single-rb.php

JRM Vol.18 No.4 pp. 511-518
doi: 10.20965/jrm.2006.p0511
(2006)

Paper:

Loose Guide for Passive Omnidirectional Mobility Aid

Naemeh Nejatbakhsh*,** and Kazuhiro Kosuge**

*Sonic/Automation Discipline, Schlumberger K. K., 2-2-1 Fuchinobe, Sagamihara 229-0006, Japan

**Department of Bioengineering and Robotics, Graduate School of Engineering, Tohoku University, 6-6-01 Aobayama, Sendai 980-8579, Japan

Received:
October 11, 2005
Accepted:
June 2, 2006
Published:
August 20, 2006
Keywords:
passive robotics, omnidirectional, mobility aid, path tracking, artificial potential field
Abstract

This paper details the design and control of an intelligent mobility aid for the elderly and gait-disabled, called Omni RT Walker (ORTW). Omni RT Walker-II, version 2 of ORTW, consists of an omnidirectional platform and uses magneto-rheological brakes for passive control. ORTW-II enables the elderly to use the driving skills they possess while supplementing movement that may have declined due to their age or fatigue. We choose indoor navigation as the task to be realized by shared control of ORTW-II. Unlike most path tracking methods, which attempt to lead an objective system on a desired trajectory, our new algorithm restricts mobility to a pathway called the Potential Canal, while mobility is conducted by the user. In systems with direct human interaction similar to mobility aids, our proposal is expected to increase user-dependability in system operation while increasing user freedom and safety. A collision-free Potential Canal is maintained using realtime modification based on environmental information. Experimental results are included to demonstrate path tracking accuracy and quality.

Cite this article as:
Naemeh Nejatbakhsh and Kazuhiro Kosuge, “Loose Guide for Passive Omnidirectional Mobility Aid,” J. Robot. Mechatron., Vol.18, No.4, pp. 511-518, 2006.
Data files:
References
  1. [1] Japan Ministry of Internal Affairs and Communications, Statistics Bureau,
    http://www.stat.go.jp/english/index.htm.
  2. [2] R. C. Coile, and B. E. Trusko, “Healthcare 2020: Challenge for the Millennium,” Health Management Technology, pp. 34-38, August, 1999.
  3. [3] O. Chuy, Y. Hirata, and K. Kosuge, “Control of Walking Support System Based on Variable Center of Rotation,” Proceeding of IEEE/RSJ Int. Conf. on Intelligent Robots and Systems, pp. 2289-2294, 2004.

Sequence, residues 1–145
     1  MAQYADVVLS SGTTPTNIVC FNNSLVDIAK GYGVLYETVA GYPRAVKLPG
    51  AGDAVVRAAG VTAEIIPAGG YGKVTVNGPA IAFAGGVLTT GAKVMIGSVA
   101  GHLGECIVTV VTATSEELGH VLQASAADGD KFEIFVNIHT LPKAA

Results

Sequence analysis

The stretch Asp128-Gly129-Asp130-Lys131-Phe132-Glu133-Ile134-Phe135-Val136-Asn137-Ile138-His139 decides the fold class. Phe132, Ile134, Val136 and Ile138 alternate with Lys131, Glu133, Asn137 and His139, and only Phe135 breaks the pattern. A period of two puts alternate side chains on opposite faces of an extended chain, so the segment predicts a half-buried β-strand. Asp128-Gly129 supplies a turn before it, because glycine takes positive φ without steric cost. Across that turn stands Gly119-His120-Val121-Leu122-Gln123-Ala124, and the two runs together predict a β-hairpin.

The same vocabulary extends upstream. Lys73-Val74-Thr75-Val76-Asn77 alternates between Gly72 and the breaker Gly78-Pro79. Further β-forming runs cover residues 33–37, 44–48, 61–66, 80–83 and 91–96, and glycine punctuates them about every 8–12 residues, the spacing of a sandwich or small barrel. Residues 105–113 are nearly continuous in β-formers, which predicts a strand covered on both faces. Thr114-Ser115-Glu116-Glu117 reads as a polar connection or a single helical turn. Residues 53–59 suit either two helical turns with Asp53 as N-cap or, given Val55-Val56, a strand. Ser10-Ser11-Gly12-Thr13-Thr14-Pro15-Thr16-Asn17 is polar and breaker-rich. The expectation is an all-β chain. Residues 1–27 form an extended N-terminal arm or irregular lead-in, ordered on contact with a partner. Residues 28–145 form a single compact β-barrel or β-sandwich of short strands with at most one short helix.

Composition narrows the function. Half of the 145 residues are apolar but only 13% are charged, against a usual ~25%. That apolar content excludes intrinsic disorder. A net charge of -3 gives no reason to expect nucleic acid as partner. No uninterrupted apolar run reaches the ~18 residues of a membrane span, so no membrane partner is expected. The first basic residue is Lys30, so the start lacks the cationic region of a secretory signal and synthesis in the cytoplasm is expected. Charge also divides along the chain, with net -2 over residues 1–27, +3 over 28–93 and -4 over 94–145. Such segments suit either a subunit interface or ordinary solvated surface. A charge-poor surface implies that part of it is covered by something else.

4. [4] H. Yu, M. Spenko, and S. Dubowsky, “An Adaptive Shared Control System – for an Intelligent Mobility Aid for the Elderly,” Autonomous Robots 5, Vol.15, pp. 53-66, 2003.
  5. [5] B. Graf, “Reactive Navigation of an Intelligent Robot Walking Aid,” Proceeding of ROMAN2001, pp. 353-358, 2001.
  6. [6] S. MacNamara, and G. Lacey, “A Smart Walker for the Frail Visually Impaired,” Proceeding of the 2000 IEEE International Conference on Robotics & Automation, pp. 1354-1359, 2000.
  7. [7] G. Wasson, P. Sheth, M. Alwan, K. Granata, A. Ledoux, and C. Huang, “User Intent in a Shared Control Framework for Pedestrain Mobility Aids,” Proceedings of the IEEE/RSJ Intl. Conf. on Intelligent Robots and Systems, Las Vegas, Nevada, pp. 2962-2967, 2003.
  8. [8] G. Wasson, J. Gunderson, S. Graves, and R. Felder, “An Assistive Robotic Agent for Pedestrian Mobility,” International Conference on Autonomous Agent 2001, pp. 169-173, 2001.
  9. [9] Y. Hirata, A. Hara, and K. Kosuge, “Passive-type Intelligent Walking Support System “RT Walker”,” Proceeding of 2004 IEEE/RSJ International Conference on Intelligent Robots and Systems, pp. 3871-3876, 2004.
  10. [10] Lord Corporation,
    http://www.lord.com/Default.aspx.
  11. [11] P. F. Muir, and C. P. Neuman, “Kinematic Modeling of Wheeled Mobile Robots,” Journal of Robotic Systems, Vol.4, No.2, 1987.
  12. [12] M. King, B. Zhu, and S. Tang, “Optimal Path Planning,” Mobile Robots, Vol.8, No.2, pp. 520-531, March, 2001.
  13. [13] K. Jiang, “A Shortest Path Based Path Planning Algorithm for Nonholonomic Mobile Robots,” Journal of Intelligent and Robotic Systems 24, pp. 347-366, 1999.
  14. [14] A. Pozo-Ruz, C. Urdiales, A. Bandera, E. J. Perez, and F. Sandoval, “A Path Tracking Method for Autonomous Mobile Robots Based on Grid Decomposition,” Proc. of the 7th Symposium on Intelligent Robotic Systems (SIRS’99), pp. 465-469, Coimbra - Portugal, 1999.
  15. [15] J. S. Zelek, “Dynamic Path Planning,”
    http://citeseer.ist.psu.edu/26734.html.
  16. [16] R. C. Arkin, “Motor Schema-Based Mobile Robot Navigation,” The Int. Journal of Robotics Research, pp. 92-112, August, 1989.
  17. [17] O. Khatib, “Real-Time Obstacle Avoidance for Manipulators and Mobile Robots,” the International Journal of Robotics Research, Vol.5, No.1, pp. 90-98, 1986.
  18. [18] S. Quinlan, “Real-Time Modification of Collision-Free Paths,” Ph.D. Thesis Dissertation, Department of Computer Science, Stanford University, 1994.

*This site is desgined based on HTML5 and CSS3 for modern browsers, e.g. Chrome, Firefox, Safari, Edge, Opera.

Last updated on Feb. 25, 2021